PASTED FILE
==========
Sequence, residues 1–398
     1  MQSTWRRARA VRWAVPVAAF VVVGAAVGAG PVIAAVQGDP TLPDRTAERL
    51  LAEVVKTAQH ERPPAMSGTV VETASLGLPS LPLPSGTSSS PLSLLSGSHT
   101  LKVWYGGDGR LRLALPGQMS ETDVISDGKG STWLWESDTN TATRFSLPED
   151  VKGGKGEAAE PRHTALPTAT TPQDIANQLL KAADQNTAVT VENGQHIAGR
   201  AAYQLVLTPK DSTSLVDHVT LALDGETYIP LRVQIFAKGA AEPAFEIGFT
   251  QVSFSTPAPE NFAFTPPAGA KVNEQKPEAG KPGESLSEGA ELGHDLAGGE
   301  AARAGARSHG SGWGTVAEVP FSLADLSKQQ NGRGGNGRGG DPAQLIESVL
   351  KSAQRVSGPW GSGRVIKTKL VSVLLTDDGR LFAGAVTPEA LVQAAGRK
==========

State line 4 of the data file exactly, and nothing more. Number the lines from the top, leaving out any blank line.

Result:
   101  LKVWYGGDGR LRLALPGQMS ETDVISDGKG STWLWESDTN TATRFSLPED